Extremely Rare Species Was Going Extinct Until These Heroes Stepped In

Many years ago, Eastern Bettongs used to roam in Canberra, Australia. Predators like humans, cats, and foxes have invaded their territory, and the Eastern Bettong had been considered extinct on the Australian mainland.

Several years ago a few were thought to be living on Tasmania when ecologist Dr. Kate Grarock and a team from Mulligan’s Flat Woodland Sanctuary decided to change things for this adorable creature!

In Canberra, Grarock and her team reintroduced small groups of Bettongs to rebuild their population in that area.

Over 300 Bettongs have been raised by the group since 2012, and the small animals have had a positive impact on the environment!

“The introduction of cats and foxes didn’t allow the species time to evolve strategies to cope with their new predators,” Grarock said.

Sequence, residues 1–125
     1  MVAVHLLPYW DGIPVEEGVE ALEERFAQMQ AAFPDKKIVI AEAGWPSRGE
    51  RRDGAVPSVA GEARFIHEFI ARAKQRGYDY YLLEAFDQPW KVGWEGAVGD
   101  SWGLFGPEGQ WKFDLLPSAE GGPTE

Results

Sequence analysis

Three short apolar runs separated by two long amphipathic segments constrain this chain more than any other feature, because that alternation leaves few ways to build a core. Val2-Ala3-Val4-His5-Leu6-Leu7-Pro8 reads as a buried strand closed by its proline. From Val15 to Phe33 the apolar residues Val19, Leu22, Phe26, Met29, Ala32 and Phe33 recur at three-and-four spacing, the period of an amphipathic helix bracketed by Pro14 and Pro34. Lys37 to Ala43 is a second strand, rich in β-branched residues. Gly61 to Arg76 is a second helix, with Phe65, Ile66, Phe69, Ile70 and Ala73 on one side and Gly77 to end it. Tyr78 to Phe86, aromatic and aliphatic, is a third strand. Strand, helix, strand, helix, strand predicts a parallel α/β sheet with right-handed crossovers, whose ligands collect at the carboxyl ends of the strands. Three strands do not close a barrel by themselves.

In a partnership with the Woodlands and Wetlands Trust, a non-profit, the Australian National University and ACT Government are working to restore a woodland near Canberra.

The Bettongs favorite foods are truffles, they search for truffles each night and spread truffle spores in their droppings.

While the trees in the area are growing bigger and stronger, the spores allow the trees to absorb more nutrients! Grarock takes her hand-raised Eastern Bettongs, Brain, and Berry to elementary schools.

Grarock has come to realize how disconnected people have become to nature, she wants to inspire people to care about native species and to value nature!


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